At the most basic level, a German interpreter conveys the oral utterances of one individual into the target language of another. For example, a German interpreter would translate words spoken in German to another language, such as English. Alternatively, the same interpreter could translate spoken English into German. An intimate, extensive knowledge of both cultures and languages is required, as interpreters must translate in real time, with no reference materials.
In terms of professional skills, a German interpreter must be fluent in at least one language besides German. Simply having the ability to speak two or more languages, however, is not enough. The interpreter must understand both cultures, including common slang, idioms, and the meaning of subtle cues such as voice inflection or body language. As with any translation profession, the ability to accurately and concisely convey a message is imperative, more so than translating for technical accuracy.
Although translators and interpreters are often thought to have similar skills, the two professions are indeed very different. Professional translators, who work only with written text as opposed to spoken language, have the benefit of dictionaries and other resources to help with any deficiencies in a second language. Comparatively, a German interpreter does not have such luxuries, as time is a crucial component of the interpreter's job. Instead, the interpreter must translate live speech as it happens, drawing from her extensive knowledge of both German and the source or target language, depending on the situation.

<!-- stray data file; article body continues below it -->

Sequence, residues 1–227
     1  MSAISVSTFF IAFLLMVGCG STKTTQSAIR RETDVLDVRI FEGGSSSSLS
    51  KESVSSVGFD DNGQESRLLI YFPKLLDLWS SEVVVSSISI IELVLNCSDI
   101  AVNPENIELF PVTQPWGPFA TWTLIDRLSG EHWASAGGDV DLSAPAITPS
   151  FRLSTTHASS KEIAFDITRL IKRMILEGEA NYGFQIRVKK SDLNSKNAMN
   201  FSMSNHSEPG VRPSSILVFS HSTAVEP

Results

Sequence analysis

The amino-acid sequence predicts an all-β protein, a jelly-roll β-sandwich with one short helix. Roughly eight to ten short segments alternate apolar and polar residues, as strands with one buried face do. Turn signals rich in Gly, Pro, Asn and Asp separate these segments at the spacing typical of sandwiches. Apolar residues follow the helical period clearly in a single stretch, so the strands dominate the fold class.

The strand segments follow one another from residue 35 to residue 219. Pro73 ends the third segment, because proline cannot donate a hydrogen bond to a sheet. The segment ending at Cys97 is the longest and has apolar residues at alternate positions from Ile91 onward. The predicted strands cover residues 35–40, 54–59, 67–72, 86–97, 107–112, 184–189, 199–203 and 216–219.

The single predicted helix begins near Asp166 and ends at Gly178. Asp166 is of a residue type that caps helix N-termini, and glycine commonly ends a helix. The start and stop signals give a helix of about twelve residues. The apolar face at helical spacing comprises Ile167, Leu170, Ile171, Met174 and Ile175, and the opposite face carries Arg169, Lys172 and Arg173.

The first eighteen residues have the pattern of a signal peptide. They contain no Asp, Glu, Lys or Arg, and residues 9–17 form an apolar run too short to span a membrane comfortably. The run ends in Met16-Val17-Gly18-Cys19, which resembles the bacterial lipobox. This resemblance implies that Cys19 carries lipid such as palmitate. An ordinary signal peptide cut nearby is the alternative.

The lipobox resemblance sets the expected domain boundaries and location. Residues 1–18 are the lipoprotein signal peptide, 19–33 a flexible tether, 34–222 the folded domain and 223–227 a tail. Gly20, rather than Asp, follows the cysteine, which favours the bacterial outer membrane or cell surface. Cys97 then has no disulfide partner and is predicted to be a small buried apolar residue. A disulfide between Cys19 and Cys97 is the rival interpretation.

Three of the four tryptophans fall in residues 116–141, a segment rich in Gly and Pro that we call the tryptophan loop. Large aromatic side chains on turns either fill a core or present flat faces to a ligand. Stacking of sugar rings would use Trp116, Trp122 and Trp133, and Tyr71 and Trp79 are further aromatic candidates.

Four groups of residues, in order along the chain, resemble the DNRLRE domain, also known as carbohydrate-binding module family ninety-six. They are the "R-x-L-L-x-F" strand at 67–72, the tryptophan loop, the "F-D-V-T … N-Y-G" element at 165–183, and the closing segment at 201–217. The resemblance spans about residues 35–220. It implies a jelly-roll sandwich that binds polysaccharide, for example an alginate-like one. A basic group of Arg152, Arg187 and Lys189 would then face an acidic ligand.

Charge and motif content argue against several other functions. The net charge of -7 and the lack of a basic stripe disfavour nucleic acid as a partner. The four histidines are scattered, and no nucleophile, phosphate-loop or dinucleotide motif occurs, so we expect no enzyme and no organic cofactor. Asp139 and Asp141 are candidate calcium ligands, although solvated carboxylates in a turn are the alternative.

During live conversations, a German interpreter has two options for translating; consecutive or simultaneous. Consecutive interpretation involves listening to a series of sentences in the source language, usually a paragraph in length. Speakers typically pause after the paragraph to give the interpreter the opportunity to translate and repeat the message into the target language. To illustrate, consider a political conference with a German-speaking host. After the host completes a paragraph of his speech, the German interpreter would translate the words into a target language, such as Spanish, Arabic, or Mandarin Chinese, before the speaker continues.
With simultaneous interpretation, the speaker would not pause at the end of each paragraph. It is the responsibility of the German interpreter to convey the speaker's message as it is spoken, keeping up with each sentence in real time. By definition, simultaneous interpretation requires ongoing translation, speaking, and listening to the next sentence all at the one time. Considerable skill is required for this type of bilingual multitasking. Sound booths are typically utilized, with the interpreter wearing headphones to hear and a microphone to transmit to the listener, although other types of real time interpretation are not uncommon.